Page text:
I have only recently got round to reading the Morse books and I can't say I'm impressed.Each one, so far, including this one, has been rambling, tedious, repetitive and barely credible, with a tacked-on, unconvincing ending, as though the writer had run out of ideas. Unusually I find the TV adaptations superior to the feeble novels with their stereotypical caricatures and the TV plots, however modified, are far more engaging. Some might find the crude, dirty old man Morse of the novels a turn on and regard his vulgarity compensated for by his erudition. Just inferior Holmes and Watson stories.
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on 8 April 2015
Well written fact gathering mission that proves to be as confusing and difficult to unravel as any saga involving misguided members of the human race. Interpreting the resulting misconceptions is Morse's forte!
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on 4 January 2015
This is an excellent example of the detective genre, beautifully written and redolent with the atmosphere of the dreaming spires. I have read every one of them, and each has transfixed me with the eloquence of the writing and the depiction of the characters.
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on 14 December 2014
Inspector Morse needs no recommendation from me. This book is set among the clergy and congregation of an Anglican church in Oxford. The setting and the people are well-realised and any Colin Dexter fan will find it 'a good read'
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on 8 December 2014
I had not read a Morse book although had watched many of the TV series. I was surprised at how readily the characters portrayed by the actors in the series were supported by the book. Enjoyed the reading.
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on 4 August 2016
The first thing to mention here is that this book is one of the Inspector Morse books, and indeed we get to hear a lot from the great detective here. Lewis, his faithful accomplice, doesn’t get as much of a look in until halfway through, but when he does come in, his part is triumphant and he’s the perfect sidekick.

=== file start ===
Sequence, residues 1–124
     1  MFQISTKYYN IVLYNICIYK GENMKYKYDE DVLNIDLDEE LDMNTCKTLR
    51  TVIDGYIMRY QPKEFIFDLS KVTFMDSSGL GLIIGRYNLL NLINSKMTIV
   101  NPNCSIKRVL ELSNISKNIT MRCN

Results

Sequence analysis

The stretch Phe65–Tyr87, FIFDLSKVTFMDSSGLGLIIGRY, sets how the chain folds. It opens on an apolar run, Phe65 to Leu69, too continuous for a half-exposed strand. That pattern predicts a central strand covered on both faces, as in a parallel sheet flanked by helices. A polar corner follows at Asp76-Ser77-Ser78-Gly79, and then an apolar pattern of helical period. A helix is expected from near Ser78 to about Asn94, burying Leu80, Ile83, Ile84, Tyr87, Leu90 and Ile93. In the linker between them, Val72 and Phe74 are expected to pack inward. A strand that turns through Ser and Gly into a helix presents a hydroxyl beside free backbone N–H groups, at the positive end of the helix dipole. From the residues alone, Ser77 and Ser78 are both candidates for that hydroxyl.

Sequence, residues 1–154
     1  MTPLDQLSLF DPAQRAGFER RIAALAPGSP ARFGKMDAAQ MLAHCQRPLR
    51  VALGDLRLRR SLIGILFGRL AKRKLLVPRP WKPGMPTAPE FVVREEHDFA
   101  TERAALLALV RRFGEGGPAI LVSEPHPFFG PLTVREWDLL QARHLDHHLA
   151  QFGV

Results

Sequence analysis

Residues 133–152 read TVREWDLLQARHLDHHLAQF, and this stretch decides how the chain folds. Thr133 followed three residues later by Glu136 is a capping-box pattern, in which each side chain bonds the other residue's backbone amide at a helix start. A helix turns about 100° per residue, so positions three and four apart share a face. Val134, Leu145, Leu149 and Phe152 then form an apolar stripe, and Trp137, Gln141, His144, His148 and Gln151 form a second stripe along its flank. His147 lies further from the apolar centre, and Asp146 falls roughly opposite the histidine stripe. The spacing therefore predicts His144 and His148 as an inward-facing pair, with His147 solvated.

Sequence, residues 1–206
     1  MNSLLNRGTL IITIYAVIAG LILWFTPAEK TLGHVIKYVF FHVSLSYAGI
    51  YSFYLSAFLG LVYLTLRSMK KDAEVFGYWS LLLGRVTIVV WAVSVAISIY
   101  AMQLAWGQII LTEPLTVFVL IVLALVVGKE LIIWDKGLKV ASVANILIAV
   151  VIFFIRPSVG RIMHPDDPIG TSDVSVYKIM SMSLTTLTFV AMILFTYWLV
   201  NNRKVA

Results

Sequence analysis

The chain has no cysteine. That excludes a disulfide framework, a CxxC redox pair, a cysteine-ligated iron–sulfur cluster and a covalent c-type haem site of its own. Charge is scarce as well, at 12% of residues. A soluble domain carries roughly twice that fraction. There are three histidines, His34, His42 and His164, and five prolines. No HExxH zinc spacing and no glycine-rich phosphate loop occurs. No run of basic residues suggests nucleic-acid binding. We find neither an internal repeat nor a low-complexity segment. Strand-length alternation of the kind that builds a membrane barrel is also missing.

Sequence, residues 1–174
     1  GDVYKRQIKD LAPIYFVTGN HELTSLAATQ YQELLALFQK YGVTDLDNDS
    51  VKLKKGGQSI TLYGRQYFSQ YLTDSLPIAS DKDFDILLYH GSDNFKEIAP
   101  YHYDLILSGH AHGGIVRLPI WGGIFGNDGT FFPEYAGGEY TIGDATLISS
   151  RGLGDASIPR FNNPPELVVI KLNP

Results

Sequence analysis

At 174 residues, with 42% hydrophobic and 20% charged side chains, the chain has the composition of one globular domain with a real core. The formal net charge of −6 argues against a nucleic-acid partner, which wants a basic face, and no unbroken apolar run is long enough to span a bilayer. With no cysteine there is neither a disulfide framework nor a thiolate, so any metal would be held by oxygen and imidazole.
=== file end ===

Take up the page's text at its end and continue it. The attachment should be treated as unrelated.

What’s interesting to note is that the story line follows the church, and whilst I’ll admit that I’m a life-long atheist, I still found it interesting to take a look behind the scenes at the clergy, and it’s clear that Dexter did his research.

It’s a decent enough mystery, but it doesn’t stand above the other Morse books for me. In parts, it was a little complicated, with some characters posing as other characters and murky motives that I didn’t fully understand at the end of it. I wasn’t sure if it was actually enough to explain why someone would become a multiple murderer.

But I read through it quickly enough – I got from start to finish in a couple of days. It’s a gripping story that keeps you powering through and there are plenty of characters to choose from, and it’s interesting to see Morse get up to his usual tricks. There are also a couple of references to his lack of a first name – throughout the series, it’s never revealed, which is an interesting little quirk.

And the good thing about Colin Dexter’s books is the way that you can read them out of order without losing anything. Honestly, I have no idea which order you’re actually supposed to read them in, but that’s one of its unique benefits. That also means you can skip this one and read one of the better books, then come back to it later on.